A Greek tragedy – well, almost?
It started with a Chris. Or, to be more precise, a Christina Aradipiotis, the Managing Director of CMS Training Centre in Cyprus, who had been searching for a company to supply a formally accredited training course on the maintenance of synthetic sports pitches for the grounds team responsible for the British Forces’ facilities on the island.
A call to Pitchcare, followed by a few days of email correspondence and the exchange of references, and we were well on the way to organising a November date for the Lantra accredited course. “There may be one slight issue,” mentioned Christina, just as we were finalising our arrangements, “because of the current high alert situation, the course will have to be run at our training centre in Limassol, and not on the Sovereign Base Area.”
Slight pause in the conversation. “So, the instructor won’t be able to see the synthetic pitch or take the trainees onto it to discuss specific issues?” I responded. “That’s correct,” said Christina, “but we can send you some images.”
Hasty discussion with Martin Sampson, our senior instructor based in the south of England, who decided that, with the images and our own materials, plus the first-hand knowledge of the trainees, he was confident of being able to deliver the course.
So, the deal was done, flights booked and Martin was on his way. Little did he know that not being able to get onto the pitch surface would be the least of his problems!
Martin continues the story: “On arrival at Paphos airport, my partner, Sarah and I were welcomed with sunny weather and temperatures in the mid-70s, a totally different proposition to the autumnal conditions we had when we departed from Gatwick. We collected the hire car and commenced our 60km drive through the picturesque mountains and arrived at out hotel in Limassol, positioned a short stroll away from the beach.
After checking in, we felt compelled to try out the local beer, Keo, and to sample the local food, which we thoroughly enjoyed throughout the duration of our short stay. After a good night’s sleep, the training day had arrived and, after a good breakfast, I made my way down to meet Christina and Elena at the CMS Training Centre in the centre of Limassol.
The Training Centre was fully equipped with impressive training and canteen facilities, and I was taken to the training room where I was to deliver the course.
The twelve delegates were already at the Centre, and they were very keen to start the course as soon as possible, so they could finish earlier (typical groundsmen)!
Christina advised me she would conduct the formal introductions to the Centre for the delegates, along with safety induction and the housekeeping for the day. I was very happy for her to take the lead as it was my first visit to the Centre so I, too, required the same induction as the delegates.
Christina took centre stage and, initially, she spoke to the delegates in Greek. At this point, I was waiting for a swift change to English, as I was under the impression, as a result of initial arrangements with Pitchcare, that all the delegates were English speaking… How wrong I was!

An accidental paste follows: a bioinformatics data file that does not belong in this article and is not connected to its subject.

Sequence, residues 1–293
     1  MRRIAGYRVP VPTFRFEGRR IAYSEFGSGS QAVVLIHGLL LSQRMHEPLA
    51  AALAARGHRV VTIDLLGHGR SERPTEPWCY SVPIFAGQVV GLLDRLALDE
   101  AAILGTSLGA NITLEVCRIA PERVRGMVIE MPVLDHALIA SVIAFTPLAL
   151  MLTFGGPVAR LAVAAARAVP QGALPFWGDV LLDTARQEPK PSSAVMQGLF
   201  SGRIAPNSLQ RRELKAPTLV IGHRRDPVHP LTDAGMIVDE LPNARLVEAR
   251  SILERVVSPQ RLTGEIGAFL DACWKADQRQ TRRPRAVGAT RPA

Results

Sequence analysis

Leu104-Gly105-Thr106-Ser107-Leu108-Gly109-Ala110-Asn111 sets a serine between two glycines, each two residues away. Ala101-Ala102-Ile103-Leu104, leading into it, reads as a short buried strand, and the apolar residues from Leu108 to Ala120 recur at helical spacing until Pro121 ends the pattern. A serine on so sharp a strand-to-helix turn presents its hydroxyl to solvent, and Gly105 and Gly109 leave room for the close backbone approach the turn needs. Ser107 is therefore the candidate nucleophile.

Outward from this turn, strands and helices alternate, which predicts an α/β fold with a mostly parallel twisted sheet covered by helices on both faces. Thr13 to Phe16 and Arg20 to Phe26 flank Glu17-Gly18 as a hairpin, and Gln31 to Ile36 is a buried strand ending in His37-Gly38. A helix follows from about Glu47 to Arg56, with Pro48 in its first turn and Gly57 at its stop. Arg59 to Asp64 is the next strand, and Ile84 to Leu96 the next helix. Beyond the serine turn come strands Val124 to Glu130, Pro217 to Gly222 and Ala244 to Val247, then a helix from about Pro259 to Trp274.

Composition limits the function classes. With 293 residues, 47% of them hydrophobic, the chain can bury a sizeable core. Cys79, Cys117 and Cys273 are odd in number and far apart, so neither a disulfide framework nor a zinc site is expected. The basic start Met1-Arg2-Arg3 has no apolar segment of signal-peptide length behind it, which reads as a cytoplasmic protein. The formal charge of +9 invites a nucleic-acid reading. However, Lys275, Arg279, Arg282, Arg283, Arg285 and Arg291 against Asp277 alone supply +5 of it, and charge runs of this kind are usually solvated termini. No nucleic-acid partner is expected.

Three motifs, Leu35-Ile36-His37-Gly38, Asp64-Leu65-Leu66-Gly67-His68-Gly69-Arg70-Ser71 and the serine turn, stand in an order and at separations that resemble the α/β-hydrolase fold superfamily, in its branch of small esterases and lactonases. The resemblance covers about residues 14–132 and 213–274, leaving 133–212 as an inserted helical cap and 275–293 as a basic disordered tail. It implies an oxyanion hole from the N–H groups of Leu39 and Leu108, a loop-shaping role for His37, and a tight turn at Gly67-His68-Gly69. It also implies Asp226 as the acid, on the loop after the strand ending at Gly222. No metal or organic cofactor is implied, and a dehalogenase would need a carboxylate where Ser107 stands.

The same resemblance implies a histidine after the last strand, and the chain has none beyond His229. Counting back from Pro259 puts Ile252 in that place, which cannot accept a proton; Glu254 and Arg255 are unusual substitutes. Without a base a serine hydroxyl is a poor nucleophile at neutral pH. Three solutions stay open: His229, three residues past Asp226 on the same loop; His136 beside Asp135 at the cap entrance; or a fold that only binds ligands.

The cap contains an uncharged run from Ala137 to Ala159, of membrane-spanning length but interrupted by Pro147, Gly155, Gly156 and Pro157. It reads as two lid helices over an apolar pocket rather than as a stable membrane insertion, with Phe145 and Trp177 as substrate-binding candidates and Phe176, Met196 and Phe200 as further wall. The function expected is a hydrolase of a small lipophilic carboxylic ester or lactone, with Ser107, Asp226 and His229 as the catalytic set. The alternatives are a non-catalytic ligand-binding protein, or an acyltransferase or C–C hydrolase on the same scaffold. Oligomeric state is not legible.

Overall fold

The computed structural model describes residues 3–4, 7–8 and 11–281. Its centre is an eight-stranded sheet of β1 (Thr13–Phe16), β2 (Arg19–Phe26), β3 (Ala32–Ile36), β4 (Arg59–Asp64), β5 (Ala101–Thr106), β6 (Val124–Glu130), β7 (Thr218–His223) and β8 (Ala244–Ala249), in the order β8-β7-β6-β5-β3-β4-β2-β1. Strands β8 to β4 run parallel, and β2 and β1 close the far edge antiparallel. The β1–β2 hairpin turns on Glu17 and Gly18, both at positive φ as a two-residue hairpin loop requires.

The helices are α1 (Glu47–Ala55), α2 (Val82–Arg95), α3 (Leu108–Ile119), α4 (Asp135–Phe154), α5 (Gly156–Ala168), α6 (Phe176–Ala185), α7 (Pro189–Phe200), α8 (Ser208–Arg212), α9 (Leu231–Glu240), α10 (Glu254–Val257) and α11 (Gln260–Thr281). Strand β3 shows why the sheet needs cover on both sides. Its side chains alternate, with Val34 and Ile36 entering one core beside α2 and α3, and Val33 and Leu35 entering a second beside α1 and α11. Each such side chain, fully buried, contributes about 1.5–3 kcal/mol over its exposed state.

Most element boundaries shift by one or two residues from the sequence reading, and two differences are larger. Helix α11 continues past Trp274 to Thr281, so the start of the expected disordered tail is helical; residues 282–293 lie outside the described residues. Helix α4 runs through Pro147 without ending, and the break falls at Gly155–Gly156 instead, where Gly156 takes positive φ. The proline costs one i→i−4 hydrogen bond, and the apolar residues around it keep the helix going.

When Christina had completed the introduction, the Grounds Manager of the group, Maria Michaelidou, had a very brief conversation, in Greek, with Christina.
I sensed things were not quite what we had anticipated and, it was at this point, I was told by Christina; “We have an interpretation problem; we hadn’t realised a translator would be needed (I thought it was my Welsh accent!).” It came to light that only one of the delegates, Maria, could speak fluent (ish) English!”
At this point, my heart missed several beats and I thought to myself, is this a set up? Whilst thinking to myself, “When is the next flight home?.” Christina advised me that three other delegates could speak some “very small English” so, the eight remaining delegates were only able to to speak Greek. Christina then left the room and it was down to me to deliver our first LANTRA Synthetics Surfaces course in Cyprus!!
It was 8.45am, I took several deep breaths and thought; “Well, if I last until the tea break at 10.45am, it will be a miracle. I feared I would not last to the lunch break, scheduled at 12.45pm.”
Having to think on my feet I, somewhat surprisingly, managed to deliver the course with the assistance of the delegates who spoke some English. We undertook a number of practical exercises to enable me to deliver the course fully, by allowing the Greek speakers to relay their answers to the English speaking member of their group. Additionally, I was glad that Laurence from the Pitchcare office had supplied me with a selection of photos which were a great part of the course. (It made me thinkâ€¦was Loz aware they were all Greek?)
I am pleased, and relieved, to say that the course was a success and the delegates thoroughly enjoyed it. I most certainly learned a lot from a trainer’s point of view. At the conclusion of the course, I was kindly invited to visit the RAF Akrotiri and Episkopi Garrison, specially arranged by Maria azithromycin dosage. It was something I thought would not happen because of the security situation.
The morning I spent visiting the synthetic facilities on the bases is something I will always remember. I would like to thank Christina and Maria for making the whole trip a memorable experience.”
Author: Martin Sampson, Pitchcare Senior Training Instructor.